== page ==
There are many disadvantages in breeding close, evidenced by the “pure” breeds registered with the Kennel Clubs worldwide and the reduction of their breed numbers for various reasons, including the pressure from animal welfare groups and ‘greenies’. They are reaping the result of closed stud books and over use of “superior” sires both breed-wide and also within a kennel/stud which further reduces genetic diversity. The Australian Kelpie is included. Their numbers are getting very low and restrictions regarding the number of litters allowed per bitch are making it a lot worse for all breeders. I prefer not to do close matings myself, but was restricted as to choice when trying to avoid those lines that carried CA until a test was devised. Since then I’ve tested a few prospective sires with their owner’s permission and the results have been surprising. All our bitches and sires have tested clear due to diligence and knowledge of carrier lines. Some results of close breeding can be: reduced fertility, lower functioning immune systems, smaller animals with physical defects, and the surfacing of recessive genes e.g. Cerebellar Atrophy(CA).
e.g. I’m dealing with a pup from this sort of mating at present. His maternal and paternal g’sire was a nice dog on 3 sheep and obviously it was thought those qualities would be even better if he was doubled up. It’s tempting to breed compliant, obedient dogs to trial but can reduce self confidence and ‘work ethic’. This pup had no idea of “sticking up for himself” when a little pup and just copped being attacked by an older sibling until he had scars all over his head. When he went to Arthur for training he looked great on his weaners for a short time, but when asked to go around on his non-preferred direction he flew in and bit. When reprimanded, voice only, he lay down and ‘sulked’ or kicked way out from the sheep. Arthur persisted in a round pen he couldn’t escape from and he just lay down and refused to work. He’s a lovely pup and will need good bonding and a lot of patience to be a useful worker. But…. he’ll make someone a very good mate and if not ‘told’ much he will likely work things out for himself. I brought him home early because we only keep dog pups that have the potential to make a sire. This fellow only remained so long because of being bullied; I didn’t want to sell him until I found out more about him. Luckily.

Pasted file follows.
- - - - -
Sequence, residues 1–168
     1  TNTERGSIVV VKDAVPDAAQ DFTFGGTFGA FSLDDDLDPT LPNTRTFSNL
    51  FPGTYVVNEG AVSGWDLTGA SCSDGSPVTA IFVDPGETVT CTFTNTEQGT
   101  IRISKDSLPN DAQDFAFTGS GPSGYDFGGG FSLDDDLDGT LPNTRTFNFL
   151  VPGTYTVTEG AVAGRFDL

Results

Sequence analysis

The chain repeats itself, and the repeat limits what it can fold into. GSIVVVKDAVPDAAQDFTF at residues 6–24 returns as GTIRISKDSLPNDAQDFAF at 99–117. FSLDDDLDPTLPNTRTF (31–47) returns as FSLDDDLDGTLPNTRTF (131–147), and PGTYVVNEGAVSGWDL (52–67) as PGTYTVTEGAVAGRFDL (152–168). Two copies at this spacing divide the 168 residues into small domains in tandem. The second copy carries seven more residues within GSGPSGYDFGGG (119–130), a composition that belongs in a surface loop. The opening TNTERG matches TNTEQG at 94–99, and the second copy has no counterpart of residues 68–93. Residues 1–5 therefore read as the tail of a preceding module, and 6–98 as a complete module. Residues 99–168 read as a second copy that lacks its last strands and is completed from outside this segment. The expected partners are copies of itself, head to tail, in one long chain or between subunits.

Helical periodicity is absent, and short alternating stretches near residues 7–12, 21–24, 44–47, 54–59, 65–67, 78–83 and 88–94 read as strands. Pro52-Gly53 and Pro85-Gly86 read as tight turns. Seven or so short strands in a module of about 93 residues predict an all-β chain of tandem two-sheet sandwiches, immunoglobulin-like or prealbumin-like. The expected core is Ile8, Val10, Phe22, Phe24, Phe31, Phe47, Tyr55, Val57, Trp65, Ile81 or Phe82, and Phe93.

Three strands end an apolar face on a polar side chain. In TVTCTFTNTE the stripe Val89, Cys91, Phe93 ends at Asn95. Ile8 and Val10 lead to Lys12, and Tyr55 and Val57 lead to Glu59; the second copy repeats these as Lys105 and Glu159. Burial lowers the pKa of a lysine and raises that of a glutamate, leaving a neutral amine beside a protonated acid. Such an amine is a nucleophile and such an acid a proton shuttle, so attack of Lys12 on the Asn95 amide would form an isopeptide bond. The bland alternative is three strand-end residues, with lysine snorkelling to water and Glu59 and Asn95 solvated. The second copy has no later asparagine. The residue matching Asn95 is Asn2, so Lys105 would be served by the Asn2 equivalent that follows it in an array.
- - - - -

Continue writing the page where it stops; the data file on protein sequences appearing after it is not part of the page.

I’ve got into a lot of trouble for questioning a pedigree but you’d have to be pretty naive to believe every single registered dog was as stated, especially after breeding Merino stud sheep. That stud book used to be called “The Purple Book of Lies”! The registrar can only print the given information. My advice to any breeder is to find out as much about the dogs behind yours as possible. It will inform you regarding matings and might save some mistakes. Always be happy to “talk dogs” and remember that we all have a heap to learn….. and most importantly, there are probably dogs out there better than yours and they might even be unregistered! A number on a piece of paper doesn’t mean a thing quality wise. Frank Scanlon was very sceptical re the worth of a pedigree, but I find them invaluable now we have computer programmes such as Breeders’ Assistant which I’ve been using when planning matings for close to 18 years(guessing). David Hart did them for me for ages and Grant Hutchings has also been super helpful. I must have been very annoying! I managed to do my own for a long time but recently had computer trouble and had to annoy Grant again. He’s unfailingly helpful and patient.